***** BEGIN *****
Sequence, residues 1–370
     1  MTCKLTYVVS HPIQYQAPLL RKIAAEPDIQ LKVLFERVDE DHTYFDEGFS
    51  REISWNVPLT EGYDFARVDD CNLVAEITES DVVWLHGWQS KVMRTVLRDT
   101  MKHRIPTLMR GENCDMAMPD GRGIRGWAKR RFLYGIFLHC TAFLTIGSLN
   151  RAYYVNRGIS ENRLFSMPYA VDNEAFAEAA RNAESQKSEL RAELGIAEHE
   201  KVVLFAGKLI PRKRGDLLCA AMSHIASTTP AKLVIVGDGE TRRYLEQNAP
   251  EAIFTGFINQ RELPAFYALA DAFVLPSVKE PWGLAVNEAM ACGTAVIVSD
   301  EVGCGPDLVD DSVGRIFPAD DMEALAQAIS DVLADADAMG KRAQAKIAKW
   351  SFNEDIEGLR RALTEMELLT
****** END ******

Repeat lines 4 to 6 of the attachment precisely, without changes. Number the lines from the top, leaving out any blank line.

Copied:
   101  MKHRIPTLMR GENCDMAMPD GRGIRGWAKR RFLYGIFLHC TAFLTIGSLN
   151  RAYYVNRGIS ENRLFSMPYA VDNEAFAEAA RNAESQKSEL RAELGIAEHE
   201  KVVLFAGKLI PRKRGDLLCA AMSHIASTTP AKLVIVGDGE TRRYLEQNAP